Representatives from Senators Thom Tillis and Richard Burr's offices along with several environmental groups gathered in Mount Olive Tuesday to tour the nearby Strata Solar farm.

The solar farm operates on land owned by the First Baptist Church of Mount Olive, and was originally constructed there in 2011.

Church Board of Trustees member Angelo San Fratello said the decision to rent the land to developer Birdseye Renewable Energy helped pull the church through difficult times in the recession.

"It was near the tail end of the recession, and needless to say we needed revenue," he said. "We were operating in the red, and this pulled God's house out of the red."

Dennis Atwood, pastor at First Baptist, said the solar farm fits into the mission of the church.

"This venture had never been a political project, from my perspective it's been a theological complement to our mission as a church," he said. "If something were to be done with that land that was not consistent with that mission, we would be out of step."

The land was left to First Baptist after church member James Everette Joyner passed away. Once Birdseye completed construction, the company sold the farm to Strata Solar, which operates and maintains it now.

Among the people touring the farm was Liz Kalies, director of science for the N.C. chapter of The Nature Conservancy, a global environmental charity organization. She was there to document how the land was being used.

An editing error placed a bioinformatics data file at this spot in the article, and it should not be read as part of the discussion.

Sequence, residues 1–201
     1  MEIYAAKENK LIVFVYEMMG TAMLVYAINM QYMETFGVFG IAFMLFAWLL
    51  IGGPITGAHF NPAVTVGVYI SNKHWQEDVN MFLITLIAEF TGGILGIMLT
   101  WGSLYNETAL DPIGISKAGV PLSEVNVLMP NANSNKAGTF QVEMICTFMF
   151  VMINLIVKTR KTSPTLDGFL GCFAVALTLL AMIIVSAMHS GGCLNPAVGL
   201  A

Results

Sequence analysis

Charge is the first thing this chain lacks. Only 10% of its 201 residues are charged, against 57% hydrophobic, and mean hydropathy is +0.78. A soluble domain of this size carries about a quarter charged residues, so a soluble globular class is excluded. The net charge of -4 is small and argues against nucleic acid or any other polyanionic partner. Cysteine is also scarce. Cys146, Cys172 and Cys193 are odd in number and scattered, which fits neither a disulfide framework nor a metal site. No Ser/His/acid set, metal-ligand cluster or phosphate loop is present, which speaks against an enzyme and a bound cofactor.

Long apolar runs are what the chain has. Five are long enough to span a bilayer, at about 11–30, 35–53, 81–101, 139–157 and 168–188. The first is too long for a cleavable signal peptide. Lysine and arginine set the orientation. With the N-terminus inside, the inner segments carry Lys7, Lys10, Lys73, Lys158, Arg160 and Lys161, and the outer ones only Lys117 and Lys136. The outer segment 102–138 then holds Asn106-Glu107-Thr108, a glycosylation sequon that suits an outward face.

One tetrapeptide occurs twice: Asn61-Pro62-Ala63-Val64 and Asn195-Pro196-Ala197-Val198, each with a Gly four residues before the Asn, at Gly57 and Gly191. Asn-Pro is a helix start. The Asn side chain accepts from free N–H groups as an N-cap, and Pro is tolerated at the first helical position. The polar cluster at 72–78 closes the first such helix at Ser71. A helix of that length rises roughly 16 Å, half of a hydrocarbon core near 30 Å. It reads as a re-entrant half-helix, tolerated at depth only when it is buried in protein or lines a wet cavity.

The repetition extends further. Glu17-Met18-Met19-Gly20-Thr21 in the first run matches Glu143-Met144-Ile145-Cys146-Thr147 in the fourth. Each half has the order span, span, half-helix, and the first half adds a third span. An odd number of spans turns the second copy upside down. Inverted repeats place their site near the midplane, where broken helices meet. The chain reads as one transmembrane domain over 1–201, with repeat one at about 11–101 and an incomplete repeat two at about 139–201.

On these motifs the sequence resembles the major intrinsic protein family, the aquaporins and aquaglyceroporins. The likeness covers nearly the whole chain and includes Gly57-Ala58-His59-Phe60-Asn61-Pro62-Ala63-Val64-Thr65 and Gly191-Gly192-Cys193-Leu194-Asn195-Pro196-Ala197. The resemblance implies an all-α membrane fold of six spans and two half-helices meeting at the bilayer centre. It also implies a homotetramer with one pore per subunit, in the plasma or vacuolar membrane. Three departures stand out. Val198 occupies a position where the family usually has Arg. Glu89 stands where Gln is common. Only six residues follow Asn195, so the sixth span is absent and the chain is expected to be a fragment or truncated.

"When it comes to solar fields, there are a lot of questions you have to ask," she said. "We wouldn't be against a solar field, but you have to know where do you put the field, how does it affect the surrounding area?"

Coming out to tours like this one are a way of having those questions answered, she said.

Brian Brown, with Sen. Tillis' office, agreed. He said that seeing the field first-hand was a good way to get educated about new technology.

"Solar is one of those emerging markets in the United States, and any time you can come out and learn about something like this it's a great opportunity," he said.

Other attendees included representatives from Sen. Burr's office and the Environmental Defense Fund, a non-profit environmental advocacy group. The EDF coordinated the tour with First Baptist.

The group walked among the solar panels and learned about how they work, asking questions about anything from the individual construction of the panels to Strata Solar's business plans.

Riza Redd, Asset Management Manager for Strata Solar, led the tour. She said the company has fields set up all over the country, some of which are nearly five times the size of the 36-acre Mount Olive site.

That site is one of two in the area operated by Strata Solar.

San Fratello said that the solar farms have been a boon to the surrounding area.

"It's been good for Wayne County, it's been good for Mount Olive, and it's been good for the church," he said.